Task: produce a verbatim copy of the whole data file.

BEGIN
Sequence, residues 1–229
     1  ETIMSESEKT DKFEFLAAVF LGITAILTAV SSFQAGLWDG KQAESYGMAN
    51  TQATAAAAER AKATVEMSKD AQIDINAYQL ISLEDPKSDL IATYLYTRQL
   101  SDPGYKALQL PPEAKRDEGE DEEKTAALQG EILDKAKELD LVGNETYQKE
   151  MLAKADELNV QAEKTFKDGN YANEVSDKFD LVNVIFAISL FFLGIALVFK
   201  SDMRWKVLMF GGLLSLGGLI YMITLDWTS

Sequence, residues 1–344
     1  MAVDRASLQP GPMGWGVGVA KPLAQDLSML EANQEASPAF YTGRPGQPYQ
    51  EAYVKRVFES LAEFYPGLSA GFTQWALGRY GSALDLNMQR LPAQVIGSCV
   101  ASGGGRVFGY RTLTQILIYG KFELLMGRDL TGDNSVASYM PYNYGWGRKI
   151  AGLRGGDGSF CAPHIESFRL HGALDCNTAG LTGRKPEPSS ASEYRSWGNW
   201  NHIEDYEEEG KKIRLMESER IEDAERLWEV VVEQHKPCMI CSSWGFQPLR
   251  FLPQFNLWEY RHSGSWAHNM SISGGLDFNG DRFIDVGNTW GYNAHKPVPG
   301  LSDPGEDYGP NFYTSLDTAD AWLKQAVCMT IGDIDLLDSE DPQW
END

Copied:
Sequence, residues 1–229
     1  ETIMSESEKT DKFEFLAAVF LGITAILTAV SSFQAGLWDG KQAESYGMAN
    51  TQATAAAAER AKATVEMSKD AQIDINAYQL ISLEDPKSDL IATYLYTRQL
   101  SDPGYKALQL PPEAKRDEGE DEEKTAALQG EILDKAKELD LVGNETYQKE
   151  MLAKADELNV QAEKTFKDGN YANEVSDKFD LVNVIFAISL FFLGIALVFK
   201  SDMRWKVLMF GGLLSLGGLI YMITLDWTS

Sequence, residues 1–344
     1  MAVDRASLQP GPMGWGVGVA KPLAQDLSML EANQEASPAF YTGRPGQPYQ
    51  EAYVKRVFES LAEFYPGLSA GFTQWALGRY GSALDLNMQR LPAQVIGSCV
   101  ASGGGRVFGY RTLTQILIYG KFELLMGRDL TGDNSVASYM PYNYGWGRKI
   151  AGLRGGDGSF CAPHIESFRL HGALDCNTAG LTGRKPEPSS ASEYRSWGNW
   201  NHIEDYEEEG KKIRLMESER IEDAERLWEV VVEQHKPCMI CSSWGFQPLR
   251  FLPQFNLWEY RHSGSWAHNM SISGGLDFNG DRFIDVGNTW GYNAHKPVPG
   301  LSDPGEDYGP NFYTSLDTAD AWLKQAVCMT IGDIDLLDSE DPQW